Charlie Middleton was born October 7, 1874 in Elizabeth, Kentucky, and passed away on April 22, 1949, in Los Angeles, California. For eight years, his grandson was doted upon by one of the most heinous villains in this galaxy or any other. On many nights, Ming the Merciless and the Strangler of the Swamp would read and tell young Burr stories of the good old days while his mother, a former Goldwyn Girl, had a show business career in mind for Burr.

Born on Valentine’s Day 1941, Burr Middleton took up the thespian torch at a young age. A child actor, he was featured on the Donna Reed Show, Father Knows Best, and worked with Arch Hall, Sr., on The Choppers under the nom de plume of Mickey Hoyle. From there Burr had a career in the military, in which he was an announcer/disc jockey on the Far East Network, which resulted in voice-over work for many Japanese films and television shows. Meetings with idols such as Orson Welles, Gene Kruppa, and Mel Torme rounded out his time in Tokyo. Returning to the United States via Hawaii, he appeared in Hawaii 5-O, and then immigrated to Texas, where he became a radio announcer once again.

The early 70’s saw Burr back in Hollywood, active again in voice-over work, on-screen roles, and a musical career, which began when he was 18. A jazz vocalist in the style of Mel Torme, and a much sought after drummer on the jazz scene, Middleton truly has a resume that would do Grandpa Charlie proud. (JAH) presents a look at Charlie Middleton through his grandson Burr’s eyes, which will hopefully shed new light on the dynasty of Ming, as well as Burr's own adventures in show business.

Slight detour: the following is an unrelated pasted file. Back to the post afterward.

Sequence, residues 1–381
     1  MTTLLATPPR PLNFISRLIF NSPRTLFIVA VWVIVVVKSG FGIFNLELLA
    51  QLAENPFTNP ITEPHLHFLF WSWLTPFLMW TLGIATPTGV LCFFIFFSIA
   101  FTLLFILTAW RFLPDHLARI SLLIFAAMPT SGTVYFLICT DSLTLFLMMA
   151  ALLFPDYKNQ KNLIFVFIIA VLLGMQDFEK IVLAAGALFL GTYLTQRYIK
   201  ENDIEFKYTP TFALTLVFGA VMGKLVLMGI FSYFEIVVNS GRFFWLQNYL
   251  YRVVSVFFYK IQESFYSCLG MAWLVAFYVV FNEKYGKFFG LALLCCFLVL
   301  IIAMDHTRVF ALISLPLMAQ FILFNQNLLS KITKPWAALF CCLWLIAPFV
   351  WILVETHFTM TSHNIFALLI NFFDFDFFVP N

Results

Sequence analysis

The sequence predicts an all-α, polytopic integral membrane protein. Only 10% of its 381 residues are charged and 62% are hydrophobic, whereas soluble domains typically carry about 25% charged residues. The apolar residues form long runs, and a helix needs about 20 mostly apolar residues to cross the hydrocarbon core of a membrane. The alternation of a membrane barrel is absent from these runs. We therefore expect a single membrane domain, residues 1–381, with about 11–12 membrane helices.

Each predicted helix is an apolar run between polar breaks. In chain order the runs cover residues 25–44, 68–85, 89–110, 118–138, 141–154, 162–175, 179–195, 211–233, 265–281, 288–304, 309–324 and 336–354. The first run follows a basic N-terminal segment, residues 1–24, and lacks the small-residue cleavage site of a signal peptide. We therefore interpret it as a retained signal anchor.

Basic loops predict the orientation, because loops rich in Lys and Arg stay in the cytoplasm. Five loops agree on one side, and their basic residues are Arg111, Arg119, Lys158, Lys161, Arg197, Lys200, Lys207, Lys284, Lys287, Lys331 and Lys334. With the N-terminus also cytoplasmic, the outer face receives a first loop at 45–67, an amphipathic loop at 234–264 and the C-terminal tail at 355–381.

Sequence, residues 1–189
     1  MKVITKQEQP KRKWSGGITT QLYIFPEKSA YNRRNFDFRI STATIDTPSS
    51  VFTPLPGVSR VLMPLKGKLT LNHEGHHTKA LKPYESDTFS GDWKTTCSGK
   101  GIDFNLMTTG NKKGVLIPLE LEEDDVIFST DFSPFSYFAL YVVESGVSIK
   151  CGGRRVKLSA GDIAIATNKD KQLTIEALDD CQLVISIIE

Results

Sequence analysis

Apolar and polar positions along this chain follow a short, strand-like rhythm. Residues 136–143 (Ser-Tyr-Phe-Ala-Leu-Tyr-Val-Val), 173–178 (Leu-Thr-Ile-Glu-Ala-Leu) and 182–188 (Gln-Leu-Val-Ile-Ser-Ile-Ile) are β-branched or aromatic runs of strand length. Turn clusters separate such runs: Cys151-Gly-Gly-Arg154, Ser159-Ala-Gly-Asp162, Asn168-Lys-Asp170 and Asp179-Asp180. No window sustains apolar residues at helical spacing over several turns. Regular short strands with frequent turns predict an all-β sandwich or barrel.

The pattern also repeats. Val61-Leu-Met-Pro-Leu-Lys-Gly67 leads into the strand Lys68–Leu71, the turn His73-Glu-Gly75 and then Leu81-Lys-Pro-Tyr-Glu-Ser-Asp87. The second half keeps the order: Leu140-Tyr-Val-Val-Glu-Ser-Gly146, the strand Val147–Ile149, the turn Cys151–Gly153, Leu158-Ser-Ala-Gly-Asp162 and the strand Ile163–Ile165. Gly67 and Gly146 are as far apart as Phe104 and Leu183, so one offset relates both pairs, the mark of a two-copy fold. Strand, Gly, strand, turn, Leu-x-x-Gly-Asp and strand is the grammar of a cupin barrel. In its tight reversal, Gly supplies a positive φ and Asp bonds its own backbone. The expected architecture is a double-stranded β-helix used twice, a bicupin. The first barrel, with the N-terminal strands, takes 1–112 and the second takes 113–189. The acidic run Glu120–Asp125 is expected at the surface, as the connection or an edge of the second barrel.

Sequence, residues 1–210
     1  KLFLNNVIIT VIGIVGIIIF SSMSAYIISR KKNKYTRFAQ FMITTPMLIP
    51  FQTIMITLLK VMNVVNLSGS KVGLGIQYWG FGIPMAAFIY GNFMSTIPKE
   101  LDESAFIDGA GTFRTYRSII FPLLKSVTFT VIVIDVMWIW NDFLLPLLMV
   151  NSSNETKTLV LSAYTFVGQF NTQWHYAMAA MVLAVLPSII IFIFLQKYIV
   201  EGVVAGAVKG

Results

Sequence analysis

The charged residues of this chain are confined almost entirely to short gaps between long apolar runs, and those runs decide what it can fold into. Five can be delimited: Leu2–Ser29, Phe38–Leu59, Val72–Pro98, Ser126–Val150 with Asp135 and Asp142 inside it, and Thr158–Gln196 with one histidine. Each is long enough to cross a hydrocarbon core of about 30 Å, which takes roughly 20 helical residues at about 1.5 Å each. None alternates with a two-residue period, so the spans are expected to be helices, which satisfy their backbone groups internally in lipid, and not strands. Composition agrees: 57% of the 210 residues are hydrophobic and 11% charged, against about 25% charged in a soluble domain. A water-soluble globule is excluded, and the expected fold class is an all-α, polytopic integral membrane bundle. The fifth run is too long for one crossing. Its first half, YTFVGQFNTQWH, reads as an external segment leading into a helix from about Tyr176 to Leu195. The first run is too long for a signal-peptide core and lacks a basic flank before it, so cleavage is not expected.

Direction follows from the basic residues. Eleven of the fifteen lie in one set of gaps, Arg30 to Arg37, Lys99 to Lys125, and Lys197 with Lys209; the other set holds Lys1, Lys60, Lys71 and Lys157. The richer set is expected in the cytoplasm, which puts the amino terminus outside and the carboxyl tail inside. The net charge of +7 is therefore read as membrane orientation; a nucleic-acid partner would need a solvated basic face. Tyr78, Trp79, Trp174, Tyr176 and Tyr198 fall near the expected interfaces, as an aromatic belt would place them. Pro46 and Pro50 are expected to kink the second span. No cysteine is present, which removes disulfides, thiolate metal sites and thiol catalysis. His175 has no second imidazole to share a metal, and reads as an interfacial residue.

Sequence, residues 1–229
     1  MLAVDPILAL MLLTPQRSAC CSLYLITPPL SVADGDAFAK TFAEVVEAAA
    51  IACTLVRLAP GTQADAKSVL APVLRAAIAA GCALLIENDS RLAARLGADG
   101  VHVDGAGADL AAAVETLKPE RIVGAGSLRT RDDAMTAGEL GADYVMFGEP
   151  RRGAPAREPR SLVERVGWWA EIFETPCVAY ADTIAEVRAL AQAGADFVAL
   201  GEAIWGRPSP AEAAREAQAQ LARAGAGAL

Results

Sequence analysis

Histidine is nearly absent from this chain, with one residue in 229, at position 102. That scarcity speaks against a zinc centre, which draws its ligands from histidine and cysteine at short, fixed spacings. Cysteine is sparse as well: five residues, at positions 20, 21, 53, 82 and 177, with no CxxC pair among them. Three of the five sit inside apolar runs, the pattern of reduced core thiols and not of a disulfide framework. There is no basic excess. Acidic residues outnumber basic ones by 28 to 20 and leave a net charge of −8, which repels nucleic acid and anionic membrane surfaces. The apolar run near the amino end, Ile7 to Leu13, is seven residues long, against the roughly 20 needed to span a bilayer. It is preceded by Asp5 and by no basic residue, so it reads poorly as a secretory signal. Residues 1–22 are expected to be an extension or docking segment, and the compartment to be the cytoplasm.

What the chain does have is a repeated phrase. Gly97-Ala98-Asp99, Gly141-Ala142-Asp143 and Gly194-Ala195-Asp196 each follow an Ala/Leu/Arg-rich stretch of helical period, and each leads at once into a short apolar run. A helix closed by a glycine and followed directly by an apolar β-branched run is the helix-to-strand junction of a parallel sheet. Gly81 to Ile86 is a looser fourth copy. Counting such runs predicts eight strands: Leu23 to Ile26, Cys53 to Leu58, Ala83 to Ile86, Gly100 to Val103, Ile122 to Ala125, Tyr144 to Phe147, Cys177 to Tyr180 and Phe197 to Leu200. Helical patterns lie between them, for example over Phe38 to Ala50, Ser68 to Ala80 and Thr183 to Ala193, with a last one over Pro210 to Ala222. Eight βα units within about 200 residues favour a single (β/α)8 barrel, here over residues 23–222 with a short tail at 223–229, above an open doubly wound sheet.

JAH: When did you first become aware of the Middleton show business dynasty?

Middleton: I was about four when I realized what it. I would imagine it would be around the time that I began to walk. All I ever heard from that time from my mother was “show business, show business, show business. That’s what you’re going to do.”

My mother was a Goldwyn girl. She was also a starlet and she participated in many little theater productions around Los Angeles, showcases for young people and that sort of thing. After the Goldwyn girl situation, she never branched out or really went for it. My father had absolutely no connection with show business at all. He was from a little town called Shawnee, Oklahoma, and was a career military officer. I was not raised by my dad, I was raised by my mother and my stepfather, who was a captain on United Airlines. I was born in Los Angeles, California.

JAH: How did you discover that your grandfather was in motion pictures?